Regular readers will know I have written before about our Robin Friend. One great advantage of having a robin that is near-tame is that he allows us to get up real close. He was quite comfortable to preen away, with me standing right beneath him.
We know when spring is coming when the frogs arrive back in the garden pond. Last year they were late (early March), but this year they are already back in force – first ones arrive earlier in the week.
There appears to be a little fewer than last year – about 100, compared to around 120 last year. They are not easy to count though so it is just an estimate!
I couldn’t resist sharing and re-sharing some bumblebee photos for this week’s Lens-Artists Photo Challenge from Tina on the theme “soft “. Bees have had a pretty tough year – the late, cold spring certainly did not help. But I do love watching them. Providing food for bees from March right through till the first frosts in October is a great way to ensure you enjoy bees in your garden.
The current hits in my garden are oregano, comfrey, borage, poppies and runner beans. Lupins are popular earlier in the summer, as can be seen below. Even now the last remaining lupin flowers are being visited by carder bees.
Wildflowers, fruit trees and herbs are also vitally important food sources.
Regular readers will remember we had plenty of frogs in the pond earlier in the year and lots of spawn. The tadpoles are now developing into little frogs. My youngest spotted a couple moving from the pond to the hedgerow.
A frog in the hand
They are so tiny. The fact that any of these creatures can make it to a full -sized adult frog is truly amazing. How big the world must seem to them!
Yesterday, this little wren accidentally got into the house.
Most of the doors and windows are open as we experience exceptionally warm days, with yesterday temperatures reaching 25 degrees Celsius. Normal May temperatures in the west of Ireland tend to be in the mid-high teens.
The wrens had converted last year’s swallow’s nest into their own nest and have been busy feeding the chicks the last couple of weeks. The young appear to have just fledged. This little fellow proved hard enough to catch! But my husband, a trained bird ringer, got him eventually.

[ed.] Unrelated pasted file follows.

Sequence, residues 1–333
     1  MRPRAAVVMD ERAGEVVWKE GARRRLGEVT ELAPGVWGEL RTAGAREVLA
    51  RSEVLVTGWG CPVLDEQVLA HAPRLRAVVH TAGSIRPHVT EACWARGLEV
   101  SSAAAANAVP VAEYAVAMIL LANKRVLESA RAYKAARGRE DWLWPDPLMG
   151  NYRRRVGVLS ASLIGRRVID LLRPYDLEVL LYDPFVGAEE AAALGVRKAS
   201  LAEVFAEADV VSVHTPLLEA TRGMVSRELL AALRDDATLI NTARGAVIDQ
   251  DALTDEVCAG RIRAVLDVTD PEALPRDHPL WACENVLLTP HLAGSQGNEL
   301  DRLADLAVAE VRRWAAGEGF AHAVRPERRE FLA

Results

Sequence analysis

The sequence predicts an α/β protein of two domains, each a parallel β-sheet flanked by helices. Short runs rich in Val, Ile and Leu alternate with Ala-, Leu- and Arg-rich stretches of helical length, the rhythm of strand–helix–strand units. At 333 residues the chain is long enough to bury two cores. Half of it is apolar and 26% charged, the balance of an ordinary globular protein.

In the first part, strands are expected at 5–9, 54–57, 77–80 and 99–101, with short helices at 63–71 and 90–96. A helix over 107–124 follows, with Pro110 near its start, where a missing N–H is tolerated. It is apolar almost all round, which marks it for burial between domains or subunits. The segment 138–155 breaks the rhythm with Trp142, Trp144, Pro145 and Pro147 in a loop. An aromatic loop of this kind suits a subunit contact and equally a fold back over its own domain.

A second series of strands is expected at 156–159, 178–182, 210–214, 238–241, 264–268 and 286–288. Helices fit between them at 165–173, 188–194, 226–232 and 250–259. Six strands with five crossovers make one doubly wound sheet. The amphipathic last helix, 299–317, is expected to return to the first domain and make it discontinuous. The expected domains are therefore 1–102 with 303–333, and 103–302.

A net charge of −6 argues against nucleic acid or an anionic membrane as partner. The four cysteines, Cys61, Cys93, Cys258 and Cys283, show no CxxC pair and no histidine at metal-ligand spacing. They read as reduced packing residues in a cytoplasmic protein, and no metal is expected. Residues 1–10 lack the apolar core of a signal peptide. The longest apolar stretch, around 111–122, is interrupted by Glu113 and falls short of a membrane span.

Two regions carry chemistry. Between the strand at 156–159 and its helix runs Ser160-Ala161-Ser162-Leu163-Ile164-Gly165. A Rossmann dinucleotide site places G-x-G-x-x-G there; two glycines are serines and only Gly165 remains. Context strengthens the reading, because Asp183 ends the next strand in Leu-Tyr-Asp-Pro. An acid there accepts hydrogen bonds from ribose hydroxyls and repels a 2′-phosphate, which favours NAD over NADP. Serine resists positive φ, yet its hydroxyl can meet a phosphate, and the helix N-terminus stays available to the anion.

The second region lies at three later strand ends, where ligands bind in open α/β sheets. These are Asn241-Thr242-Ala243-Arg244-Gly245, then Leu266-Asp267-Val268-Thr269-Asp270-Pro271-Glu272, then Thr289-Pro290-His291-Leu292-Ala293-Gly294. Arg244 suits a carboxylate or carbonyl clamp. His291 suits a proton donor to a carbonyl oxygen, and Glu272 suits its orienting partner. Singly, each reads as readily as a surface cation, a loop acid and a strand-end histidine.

We didn’t think it would wait around to be photographed, but either because of the shock of being caught, or the near-by presence of one of it’s parents (with beak full of food), it stayed long enough for me to get a couple of shots, before making a short, yet confident flight to the beech hedge.
During lunch we watched both parents come and go with more food to the hedge. The fledglings remained concealed though so we are not sure how many there are.
Wrens are among Ireland’s smallest birds. The female lay clutches of 5-8 eggs, and she alone will incubate them. They feed on insects and spiders. Both parents will help feed the young. For more information can check out Birdwatch Ireland’s Wren page.
Yellow is this month’s photo challenge from Wild Daffodil. At this time of year dandelions should be everywhere, but the cold spring means they are only just coming. Dandelions are a great source of pollen for bumblebees. So if your lawn is awash with yellow, think twice before you cut it.
Allow the dandelions to flower and you will be providing bees with an important food source.
Captivating may not be a word you’d immediately associate with frogs. However, we are spending a large amount of our meal times watching the frogs in the garden pond and my youngest is particularly captivated by their antics. Our kitchen window overlooks the pond and is a perfect place for observing them.
Yesterday’s count was an estimated 150! Last year there was 63, so it is a big jump in numbers. Today is damp and it looks like they are beginning to disperse, as there are a lot more sitting around the top of the pond, and moving away under the beech hedge and through the garden.
I love to see frogs in the garden as I know they will do their bit in keeping the slug population down.